to publish the reports and initiate a national reconciliation process. The
attorneys are seeking a Supreme Court order compelling Mugabe to release the
findings of two government-appointed commissions of inquiry into the alleged
purges between 1982 and 1987, when Zimbabwe was in embroiled in civil
strife. The reports on the conflict in the Matabeleland and Midlands
provinces were compiled by the Dumbutshena and Chihambakwe commissions.
Mugabe initially refused to release the reports, citing state security
concerns. Now, he's opposing their release because they would "open old
wounds". But lawyers say their publication would "assist Zimbabweans to know
the causes as well as the consequences of the disturbances, identifying the
victims and drawing lessons from the tragic events". Human-rights groups say
at least 20 000 Ndebeles were killed by forces deployed by Mugabe to crush
the now-defunct opposition PF-Zapu under the pretext of suppressing an armed
insurgency. Rights group Imbovane Yamahlabezulu say the events constitute
genocide and is calling for Mugabe's prosecution. In recent years, mass
graves have been discovered across Matabeleland. In 1999, during late
vice-president Joshua Nkomo's burial, Mugabe virtually admitted wrongdoing,
describing the massacres as an "act of madness" which would not be repeated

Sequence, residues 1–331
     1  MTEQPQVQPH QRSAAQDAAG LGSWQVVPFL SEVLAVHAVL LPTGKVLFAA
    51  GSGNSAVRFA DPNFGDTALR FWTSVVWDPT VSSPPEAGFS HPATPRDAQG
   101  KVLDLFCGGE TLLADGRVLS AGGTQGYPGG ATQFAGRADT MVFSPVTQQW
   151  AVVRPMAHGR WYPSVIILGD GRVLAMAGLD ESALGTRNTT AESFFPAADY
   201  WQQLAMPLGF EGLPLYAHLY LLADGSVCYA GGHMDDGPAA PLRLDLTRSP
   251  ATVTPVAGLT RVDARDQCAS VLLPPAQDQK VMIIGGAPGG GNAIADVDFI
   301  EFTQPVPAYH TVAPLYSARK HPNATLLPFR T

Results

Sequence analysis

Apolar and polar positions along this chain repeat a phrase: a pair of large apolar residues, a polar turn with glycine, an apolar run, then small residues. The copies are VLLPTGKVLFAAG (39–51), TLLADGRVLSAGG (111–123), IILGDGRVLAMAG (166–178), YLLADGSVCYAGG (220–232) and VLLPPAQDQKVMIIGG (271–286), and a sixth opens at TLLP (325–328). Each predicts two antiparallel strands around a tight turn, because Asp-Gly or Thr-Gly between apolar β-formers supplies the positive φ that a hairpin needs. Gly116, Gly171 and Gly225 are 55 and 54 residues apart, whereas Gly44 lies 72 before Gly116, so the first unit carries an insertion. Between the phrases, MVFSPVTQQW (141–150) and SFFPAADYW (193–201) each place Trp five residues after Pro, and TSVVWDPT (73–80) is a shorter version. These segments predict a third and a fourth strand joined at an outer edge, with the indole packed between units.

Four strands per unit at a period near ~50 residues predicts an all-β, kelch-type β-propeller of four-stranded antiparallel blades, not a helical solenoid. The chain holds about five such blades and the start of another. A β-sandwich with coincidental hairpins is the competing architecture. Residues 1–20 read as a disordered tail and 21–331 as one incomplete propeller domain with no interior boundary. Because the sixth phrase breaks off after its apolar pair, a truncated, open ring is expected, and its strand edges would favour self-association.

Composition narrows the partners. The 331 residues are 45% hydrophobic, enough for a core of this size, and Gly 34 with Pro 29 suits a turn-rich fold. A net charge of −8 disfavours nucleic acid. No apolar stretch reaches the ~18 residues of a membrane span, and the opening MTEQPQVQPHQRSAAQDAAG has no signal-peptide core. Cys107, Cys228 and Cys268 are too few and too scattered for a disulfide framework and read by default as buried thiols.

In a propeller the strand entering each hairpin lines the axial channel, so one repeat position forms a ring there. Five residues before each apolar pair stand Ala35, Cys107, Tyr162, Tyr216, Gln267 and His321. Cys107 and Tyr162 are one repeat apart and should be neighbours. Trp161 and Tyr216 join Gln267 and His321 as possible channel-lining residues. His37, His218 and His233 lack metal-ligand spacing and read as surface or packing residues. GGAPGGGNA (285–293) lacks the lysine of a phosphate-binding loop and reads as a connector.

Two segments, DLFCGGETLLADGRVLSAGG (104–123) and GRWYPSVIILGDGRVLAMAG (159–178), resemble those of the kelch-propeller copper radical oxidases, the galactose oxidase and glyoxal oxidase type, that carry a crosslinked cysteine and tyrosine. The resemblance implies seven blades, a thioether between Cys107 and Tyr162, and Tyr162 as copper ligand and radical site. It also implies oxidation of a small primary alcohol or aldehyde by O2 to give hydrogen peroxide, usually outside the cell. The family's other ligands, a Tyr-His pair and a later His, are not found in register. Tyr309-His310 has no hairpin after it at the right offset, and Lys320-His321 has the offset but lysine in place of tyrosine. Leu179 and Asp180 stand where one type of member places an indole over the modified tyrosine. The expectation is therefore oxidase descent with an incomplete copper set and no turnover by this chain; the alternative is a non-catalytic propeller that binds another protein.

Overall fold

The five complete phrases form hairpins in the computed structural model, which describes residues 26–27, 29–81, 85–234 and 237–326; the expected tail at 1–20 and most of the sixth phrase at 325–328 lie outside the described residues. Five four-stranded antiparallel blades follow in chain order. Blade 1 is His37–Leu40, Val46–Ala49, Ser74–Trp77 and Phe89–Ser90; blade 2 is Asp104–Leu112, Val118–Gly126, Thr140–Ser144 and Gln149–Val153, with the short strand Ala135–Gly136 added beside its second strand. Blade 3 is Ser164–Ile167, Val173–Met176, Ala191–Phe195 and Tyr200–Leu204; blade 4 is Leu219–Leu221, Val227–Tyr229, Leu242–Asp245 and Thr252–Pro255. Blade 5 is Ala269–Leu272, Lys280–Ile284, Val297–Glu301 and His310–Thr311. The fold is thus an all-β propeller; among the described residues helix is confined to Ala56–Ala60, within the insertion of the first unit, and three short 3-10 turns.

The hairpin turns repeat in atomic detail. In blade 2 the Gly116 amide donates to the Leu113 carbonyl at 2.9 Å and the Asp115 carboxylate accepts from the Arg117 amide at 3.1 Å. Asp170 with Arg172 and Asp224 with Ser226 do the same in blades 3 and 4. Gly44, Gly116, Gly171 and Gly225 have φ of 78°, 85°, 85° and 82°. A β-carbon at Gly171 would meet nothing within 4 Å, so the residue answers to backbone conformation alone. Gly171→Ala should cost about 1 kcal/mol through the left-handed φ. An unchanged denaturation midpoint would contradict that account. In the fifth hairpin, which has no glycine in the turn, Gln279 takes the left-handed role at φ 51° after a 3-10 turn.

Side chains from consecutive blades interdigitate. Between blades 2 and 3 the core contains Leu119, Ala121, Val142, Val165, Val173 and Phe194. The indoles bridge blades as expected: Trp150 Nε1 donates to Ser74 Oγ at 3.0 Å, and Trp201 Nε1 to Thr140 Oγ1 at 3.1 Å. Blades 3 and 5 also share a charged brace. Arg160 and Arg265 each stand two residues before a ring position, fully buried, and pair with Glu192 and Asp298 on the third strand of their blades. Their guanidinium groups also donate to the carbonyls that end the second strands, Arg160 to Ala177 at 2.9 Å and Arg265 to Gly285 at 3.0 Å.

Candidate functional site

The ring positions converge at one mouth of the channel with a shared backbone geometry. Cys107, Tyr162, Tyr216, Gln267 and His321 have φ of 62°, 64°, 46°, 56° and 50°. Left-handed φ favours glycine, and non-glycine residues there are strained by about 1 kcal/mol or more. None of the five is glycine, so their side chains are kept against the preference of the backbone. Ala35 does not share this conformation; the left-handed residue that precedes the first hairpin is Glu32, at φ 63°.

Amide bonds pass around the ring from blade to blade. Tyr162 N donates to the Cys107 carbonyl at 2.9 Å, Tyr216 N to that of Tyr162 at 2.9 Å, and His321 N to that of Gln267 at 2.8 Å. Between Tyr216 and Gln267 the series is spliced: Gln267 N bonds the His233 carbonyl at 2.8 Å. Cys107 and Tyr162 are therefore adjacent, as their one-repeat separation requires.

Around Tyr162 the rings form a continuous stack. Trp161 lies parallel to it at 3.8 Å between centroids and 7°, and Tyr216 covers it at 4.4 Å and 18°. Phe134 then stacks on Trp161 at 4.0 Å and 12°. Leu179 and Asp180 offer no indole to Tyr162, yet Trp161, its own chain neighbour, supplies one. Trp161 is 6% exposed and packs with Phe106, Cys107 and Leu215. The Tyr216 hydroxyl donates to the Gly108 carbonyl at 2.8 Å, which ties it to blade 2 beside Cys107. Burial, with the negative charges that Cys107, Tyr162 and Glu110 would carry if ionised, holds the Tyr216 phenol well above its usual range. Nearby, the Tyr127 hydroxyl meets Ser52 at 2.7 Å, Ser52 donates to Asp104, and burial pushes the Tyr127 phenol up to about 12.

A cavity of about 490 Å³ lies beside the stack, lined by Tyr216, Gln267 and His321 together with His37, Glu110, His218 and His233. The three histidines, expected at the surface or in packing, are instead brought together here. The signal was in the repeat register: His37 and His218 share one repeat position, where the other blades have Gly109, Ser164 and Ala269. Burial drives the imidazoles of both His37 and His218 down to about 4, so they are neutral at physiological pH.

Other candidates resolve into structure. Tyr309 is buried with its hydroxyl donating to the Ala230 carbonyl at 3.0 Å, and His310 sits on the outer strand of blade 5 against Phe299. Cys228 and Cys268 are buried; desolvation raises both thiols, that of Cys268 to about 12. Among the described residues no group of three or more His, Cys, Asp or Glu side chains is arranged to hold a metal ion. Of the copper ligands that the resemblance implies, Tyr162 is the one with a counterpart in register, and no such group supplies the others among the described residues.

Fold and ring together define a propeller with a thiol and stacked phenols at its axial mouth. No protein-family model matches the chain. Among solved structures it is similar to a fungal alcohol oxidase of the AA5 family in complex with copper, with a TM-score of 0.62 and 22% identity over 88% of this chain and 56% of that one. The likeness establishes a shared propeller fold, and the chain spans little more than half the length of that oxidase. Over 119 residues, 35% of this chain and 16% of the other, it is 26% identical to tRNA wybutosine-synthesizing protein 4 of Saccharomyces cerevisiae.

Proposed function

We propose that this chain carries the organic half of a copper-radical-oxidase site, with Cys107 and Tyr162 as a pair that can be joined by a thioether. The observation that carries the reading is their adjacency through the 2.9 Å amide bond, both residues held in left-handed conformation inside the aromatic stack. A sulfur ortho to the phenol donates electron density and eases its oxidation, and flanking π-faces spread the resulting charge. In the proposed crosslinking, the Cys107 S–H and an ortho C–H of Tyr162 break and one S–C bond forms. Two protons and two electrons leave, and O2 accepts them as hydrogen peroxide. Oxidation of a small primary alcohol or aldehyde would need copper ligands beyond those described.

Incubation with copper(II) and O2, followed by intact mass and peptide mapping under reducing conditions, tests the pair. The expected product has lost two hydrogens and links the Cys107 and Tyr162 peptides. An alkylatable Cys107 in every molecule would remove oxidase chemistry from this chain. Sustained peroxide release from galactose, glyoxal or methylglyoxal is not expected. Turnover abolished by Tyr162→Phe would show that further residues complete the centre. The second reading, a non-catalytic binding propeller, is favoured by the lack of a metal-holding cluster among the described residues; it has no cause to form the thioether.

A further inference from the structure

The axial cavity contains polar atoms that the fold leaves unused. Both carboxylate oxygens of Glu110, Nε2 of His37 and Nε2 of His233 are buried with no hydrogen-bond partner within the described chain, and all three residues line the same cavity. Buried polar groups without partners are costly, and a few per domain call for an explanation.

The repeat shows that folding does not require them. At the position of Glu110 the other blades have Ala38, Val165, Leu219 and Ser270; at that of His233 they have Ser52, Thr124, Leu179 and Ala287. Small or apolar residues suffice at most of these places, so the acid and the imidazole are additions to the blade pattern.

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From ZWNEWS, 13 April

Star-studded Concert for Zimbabwe in London - 30 April

A star-studded concert will be held at St.John's, Smith Square, London SW1
on Wednesday April 13 at 7.30 p.m. to raise funds for a trust to help fly
international musicians to Zimbabwe, where cultural bodies are struggling to
keep the arts alive and available across the cultural and racial divide. For
people in and around London, attending the Concert for Zimbabwe is an
enjoyable way to show support for Zimbabwe - and it's not even political.
There will be a special guest appearance by Simon Callow. Others taking part
include the Maggini Quartet; Seta Tanyel and Piers Lane; Nokuthula Ngwenyama
and Margaret Fingerhut; Leslie Howard, Benjamin Nabarro and Jonathan Cohen;
Colin Carr and Hamish Milne.

There is a strong bond in music between Harare and Bulawayo. Performing Arts
Bulawayo has battled to bring classical music to Zimbabweans, has given
concert series and prestigious festivals on a shoestring budget, encouraging
indigenous artists and bringing in international performers who receive
nominal fees and marvellous hospitality. PAB is also the impresario for
Celebrity Subcription Concerts of Harare. Tours are coordinated so that
wherever possible musicians can play with both Harare City and the Bulawayo
Philharmonic orchestras. But it has become impossible to continue without
help from outside. For example, a return economy class airfare from London
now costs more than the annual salary of most professional Zimbabweans.

Tickets range in price from £35, which includes attending a reception to
meet the artists in the St. John's Crypt after the concert, through £25, to